“I think there is evidence,” said the unpretentious singer, “that Van Halen has changed the face of music in two ways. Number one is easy. There are too many bands out there today trying to emulate what we have already done. Guitarists grow their hair and try to copy everything Eddie does on the guitar, and duplicate Alex’s drum sound. Number two, because the other half is so revolted by our music, our pose, and the way I do interviews, they are forced to come up with alternatives. That’s when you get groups like Duran Duran and Kajagoogoo.”

Van Halen has had a tremendous effect on rock music. More specifically, Eddie Van Halen has had a tremendous impact on today’s guitar players. Jimmy Page, Jeff Beck and Eric Clapton may be the ‘holy trinity’ of guitar players, but today’s generation is looking up to the finger-tapping guitarist of Van Halen for inspiration.

“We make a record when we run out of doing nothing,” proclaimed Roth. “Then again, it’s also after we have toured like crazy across the country. When it’s time for this band to make an album, we turn on the amps, open up the mic and start rolling the tapes in the studio.

“So many records today are made because of the fat car manager with the gold watch chain and five-piece suit in the executive suite saying, ‘Boys, I need more gas for my yacht. You have to now start sounding like Journey.’ Then these bands run out, purchase some ‘70s Doobie Brothers and Eagles records, listen to them incessantly, then proclaim they can do it! Well, that will never happen with this band.”

Sarcasm drips from Roth like ice cream off a cone. The band has done its own bit of recycling from the past as well. At one point, they were getting more traction from previous hits they chose to recycle Van Halen style, than the original authors of the music. The Kinks’ “You Really Got Me”, Roy Orbison’s “Pretty Woman” and Martha & The Vandellas’ “Dancing in the Street” all got the Van Halen make over and became hits long after their shelf life had expired. On the new album, 1984, every song is an original. So is the introduction of keyboards by none other than Eddie Van Halen.

“There are no cover songs on this album,” declared Roth, “because we didn’t need them. We worked up a variety of tunes and a lot of original material that never made it to plastic. They may pop up on the next record, or maybe not. There’s a huge file of material that you’ll never hear ‘til one of us dies.”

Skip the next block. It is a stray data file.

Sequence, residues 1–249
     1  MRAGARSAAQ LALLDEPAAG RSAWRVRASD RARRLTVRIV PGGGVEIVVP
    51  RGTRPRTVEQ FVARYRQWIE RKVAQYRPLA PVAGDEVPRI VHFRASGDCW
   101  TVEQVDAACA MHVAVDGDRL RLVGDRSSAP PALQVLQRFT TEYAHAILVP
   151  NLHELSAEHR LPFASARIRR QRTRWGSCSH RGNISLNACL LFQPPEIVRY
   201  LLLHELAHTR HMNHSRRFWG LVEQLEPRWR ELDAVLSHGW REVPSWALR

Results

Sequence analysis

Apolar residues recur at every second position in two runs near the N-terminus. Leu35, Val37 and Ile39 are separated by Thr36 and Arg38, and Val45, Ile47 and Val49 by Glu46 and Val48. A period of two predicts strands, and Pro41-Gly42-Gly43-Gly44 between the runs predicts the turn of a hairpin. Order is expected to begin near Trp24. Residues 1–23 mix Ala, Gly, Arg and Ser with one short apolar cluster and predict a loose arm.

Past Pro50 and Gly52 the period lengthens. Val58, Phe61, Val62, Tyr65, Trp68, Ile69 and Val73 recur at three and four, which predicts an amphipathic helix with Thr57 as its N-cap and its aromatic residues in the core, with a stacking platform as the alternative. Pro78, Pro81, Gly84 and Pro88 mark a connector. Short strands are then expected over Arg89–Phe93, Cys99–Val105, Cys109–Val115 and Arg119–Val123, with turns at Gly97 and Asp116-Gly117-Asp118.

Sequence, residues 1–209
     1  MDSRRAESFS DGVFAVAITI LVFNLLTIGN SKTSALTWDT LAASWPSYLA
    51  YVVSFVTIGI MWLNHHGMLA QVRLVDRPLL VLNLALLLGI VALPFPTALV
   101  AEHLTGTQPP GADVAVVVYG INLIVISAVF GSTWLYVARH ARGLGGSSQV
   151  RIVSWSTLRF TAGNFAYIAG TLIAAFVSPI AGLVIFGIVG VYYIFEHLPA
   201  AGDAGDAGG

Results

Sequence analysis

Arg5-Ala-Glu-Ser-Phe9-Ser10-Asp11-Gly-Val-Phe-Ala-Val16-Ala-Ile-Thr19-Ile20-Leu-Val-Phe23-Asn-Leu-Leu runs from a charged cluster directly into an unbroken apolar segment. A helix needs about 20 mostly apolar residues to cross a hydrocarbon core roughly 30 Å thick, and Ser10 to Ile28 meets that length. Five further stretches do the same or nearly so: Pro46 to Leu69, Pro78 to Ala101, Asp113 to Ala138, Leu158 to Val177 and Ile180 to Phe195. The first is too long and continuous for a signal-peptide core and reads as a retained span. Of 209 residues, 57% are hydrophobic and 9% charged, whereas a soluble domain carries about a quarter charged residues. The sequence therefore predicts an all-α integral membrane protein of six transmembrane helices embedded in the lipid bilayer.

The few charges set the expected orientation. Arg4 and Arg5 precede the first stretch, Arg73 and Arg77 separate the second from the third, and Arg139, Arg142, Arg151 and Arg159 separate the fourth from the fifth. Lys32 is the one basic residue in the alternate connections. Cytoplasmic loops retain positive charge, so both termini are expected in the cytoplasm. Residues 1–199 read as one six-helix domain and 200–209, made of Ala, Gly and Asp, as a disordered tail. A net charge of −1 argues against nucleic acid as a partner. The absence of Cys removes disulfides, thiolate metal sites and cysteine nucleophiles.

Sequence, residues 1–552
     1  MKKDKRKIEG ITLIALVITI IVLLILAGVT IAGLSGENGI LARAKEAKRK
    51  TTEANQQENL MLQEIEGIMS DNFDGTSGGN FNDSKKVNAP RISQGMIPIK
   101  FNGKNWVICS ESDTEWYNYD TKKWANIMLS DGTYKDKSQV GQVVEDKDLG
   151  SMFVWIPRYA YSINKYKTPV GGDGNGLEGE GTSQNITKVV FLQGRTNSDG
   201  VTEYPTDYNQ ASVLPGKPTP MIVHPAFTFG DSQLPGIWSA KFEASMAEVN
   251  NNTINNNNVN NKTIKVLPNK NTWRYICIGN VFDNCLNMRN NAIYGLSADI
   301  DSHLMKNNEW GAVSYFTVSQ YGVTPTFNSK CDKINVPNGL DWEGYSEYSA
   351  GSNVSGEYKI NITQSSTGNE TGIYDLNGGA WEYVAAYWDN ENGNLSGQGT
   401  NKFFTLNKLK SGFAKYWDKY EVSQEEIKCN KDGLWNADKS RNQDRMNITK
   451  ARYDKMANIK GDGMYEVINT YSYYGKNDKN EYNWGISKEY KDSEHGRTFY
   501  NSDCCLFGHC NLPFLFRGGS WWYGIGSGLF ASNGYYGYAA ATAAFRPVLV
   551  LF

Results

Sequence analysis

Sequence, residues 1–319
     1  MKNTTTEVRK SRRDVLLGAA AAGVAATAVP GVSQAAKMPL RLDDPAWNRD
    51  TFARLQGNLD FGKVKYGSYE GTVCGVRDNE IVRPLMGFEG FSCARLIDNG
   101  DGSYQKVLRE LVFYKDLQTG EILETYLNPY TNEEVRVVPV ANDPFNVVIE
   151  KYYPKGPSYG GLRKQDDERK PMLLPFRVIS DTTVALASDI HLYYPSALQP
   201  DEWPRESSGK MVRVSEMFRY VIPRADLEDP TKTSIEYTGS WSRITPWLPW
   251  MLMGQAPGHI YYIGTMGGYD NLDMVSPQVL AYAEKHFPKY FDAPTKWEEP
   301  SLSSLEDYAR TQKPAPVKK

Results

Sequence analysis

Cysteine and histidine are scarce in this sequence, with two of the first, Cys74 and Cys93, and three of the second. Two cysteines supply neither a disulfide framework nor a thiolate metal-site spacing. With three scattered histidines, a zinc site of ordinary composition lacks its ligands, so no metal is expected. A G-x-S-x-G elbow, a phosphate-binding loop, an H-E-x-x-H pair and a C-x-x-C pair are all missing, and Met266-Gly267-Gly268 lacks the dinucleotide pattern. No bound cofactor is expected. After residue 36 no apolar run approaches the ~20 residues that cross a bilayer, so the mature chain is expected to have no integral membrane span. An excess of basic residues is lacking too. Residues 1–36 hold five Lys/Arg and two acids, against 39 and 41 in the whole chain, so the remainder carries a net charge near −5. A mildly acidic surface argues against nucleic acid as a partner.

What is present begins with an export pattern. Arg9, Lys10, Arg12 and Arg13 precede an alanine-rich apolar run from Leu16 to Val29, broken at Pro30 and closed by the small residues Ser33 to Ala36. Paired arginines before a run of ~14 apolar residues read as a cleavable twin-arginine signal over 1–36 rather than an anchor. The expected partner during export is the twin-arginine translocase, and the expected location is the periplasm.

The one undeniable truth about Van Halen is the fact they love to bring their music to the people. Calling this band road dogs would be an understatement. This band was built for the highways and bi-ways of America.

“The next Van Halen tour,” emphasized Roth, “should set a mark in the Guinness Book of World Records in terms of size and production. We’re talking monster here.

“You’ve heard of bands that have constructed humongous structures that look like Arco Towers. They set up in Los Angeles and play five straight nights, then dismantle the stage and transport it to New York and play five more dates. They call that an American tour. I’m here to tell you that the world is not L.A. and New York. They are just islands in the sun. It is Ogden, Utah or Bristol, England, ordinary places that deserve to see the best. That’s what we’re going to bring them.”

In the final analysis, people are drawn to Van Halen because there’s just something about the band that says ‘fun.’ Case in point was the band’s music video for “Pretty Woman” that was banned by MTV.

“With ‘Pretty Woman’ I’d say MTV got pretty uptight with us,” laughed Roth. “I don’t know if it was the midgets fondling the girl’s legs or what. They did tell us the midgets actions were an insult to women. The fact is, those legs belonged to a female impersonator, so that right there destroyed their argument. I thought about taking the case before Judge Wapner on The People’s Court, but I couldn’t get anyone from MTV to appear. The little guys in the video, however, they were more than willing to state their case.”

Van Halen – the people’s choice indeed!



Southside Ballroom